Many of the strips we produce catalogue the process by which Gabriel learns about the world around him. In many ways the strip is about him, and my occasional efforts toward his rehabilitation. He joined some random WoW group in an effort to procure a new magic belt or whatever the fuck, and found himself rebuffed by the universe.
There was some fallout regarding Bungie’s decision not to open ODST’s Firefight mode to matchmaking, but that may be one of the worst Goddamned ideas ever conceived, rivaling even Chocolate Covered Foreskins. The parallels here are instructive. Firefight in the absence of camaraderie would be masturbatory bot-grinding. Playing against your average Halo player is bad enough; playing with them may be the only thing less appealing.
As if this ostensibly festive season were not already dense enough with stimuli, there is another launch happening today - one whose blip likely doesn’t appear on most instruments.
When we were at PAX, we invested a considerable amount of our very limited time in a game called Arcane Legions, which we had never heard of. Since most of our leisure time manifests before or after the Expo halls are even open, much of this time was spent examining the game pieces, as a kind of divination endeavoring to understand precisely what sort of game we were looking at. Based on a demo round we played at the show, Gabe picked up the starter - something like forty bucks for a kind of sampler platter of the different armies.
I like wargaming, whose nexus of systemic governance and physicality is glazed with piquant asymmetries, but there is no room in my life for their tremendous investment - on any of the axes it demands. I recognize this as a personal failing, and still value the hobby, consuming everything around the games themselves: availing myself of their rich supplements and internalizing the meticulous construction of their worlds. This middle ribbon of players: lapsed wargamers, boardgamers, and CCG players overlap in a way that Arcane Legions is designed to satisfy. I’m a part of that group three times over.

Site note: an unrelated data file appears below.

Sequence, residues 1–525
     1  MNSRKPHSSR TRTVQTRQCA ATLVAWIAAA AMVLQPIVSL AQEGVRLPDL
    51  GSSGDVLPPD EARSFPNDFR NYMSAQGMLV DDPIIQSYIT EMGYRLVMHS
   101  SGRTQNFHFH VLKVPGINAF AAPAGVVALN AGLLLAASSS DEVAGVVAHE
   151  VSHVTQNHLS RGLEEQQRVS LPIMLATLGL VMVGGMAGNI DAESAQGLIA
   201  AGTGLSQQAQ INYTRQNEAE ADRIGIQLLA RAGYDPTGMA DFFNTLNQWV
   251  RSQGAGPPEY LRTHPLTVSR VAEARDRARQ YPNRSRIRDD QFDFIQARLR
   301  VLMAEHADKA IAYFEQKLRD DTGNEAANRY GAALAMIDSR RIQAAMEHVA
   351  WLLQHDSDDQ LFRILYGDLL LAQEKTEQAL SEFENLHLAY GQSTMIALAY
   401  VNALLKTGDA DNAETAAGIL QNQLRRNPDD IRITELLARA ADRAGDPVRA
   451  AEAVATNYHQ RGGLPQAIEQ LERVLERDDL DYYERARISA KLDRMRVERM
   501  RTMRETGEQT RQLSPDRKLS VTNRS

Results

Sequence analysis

There are official tutorials available on YouTube, but they’re somewhat bizarre as they incorporate actors and weird things happen and whatever. Here is the basic version, and if it appeals to you, further investigation may be in order.
The basic metaphor consists of armies fighting on a surface among terrain, something you likely already have a mental bin for. You may also have a psychic label for the concept of movement trays, which ease the maneuvering of battle formations on the table. In Arcane Legions, the movement tray isn’t just used to shuffle the unit around - it literally is the unit, with pegged figurines plugged into slots on the base that confer varying amounts of attack power, defensive ability, and unique skills.
Here’s where things get interesting.
When a unit takes damage, each point of damage is equal to one peg. Men or beasts must be removed, making the number of pegs a figure has equivalent to its hit points. But since a unit’s very statistics are based on where your figures are slotted, every time you take damage, you must making a choice - a surprisingly engaging choice - about what you are willing to give up. This idea is core to the gameplay: most unit cards have empty slots that will grant greater defense or attack if figures are placed there, making each group’s effect on the conflict dynamic over the course of a game. There are many reasons I enjoy it, but this is the foundation.
One of its weirder notions is that, by joining the game’s “Centurion Club” for three dollars a month, you gain access to a “Unit Builder” that will let you create your own custom, tournament legal armies. That’s not available at this precise moment, so I can’t really speak to it. It’s an idea with the potential to add a lot of value to that “extras” box that always develops when you play games of this type. Even in its absence, the game seizes - and then grips - like some terrible mandible.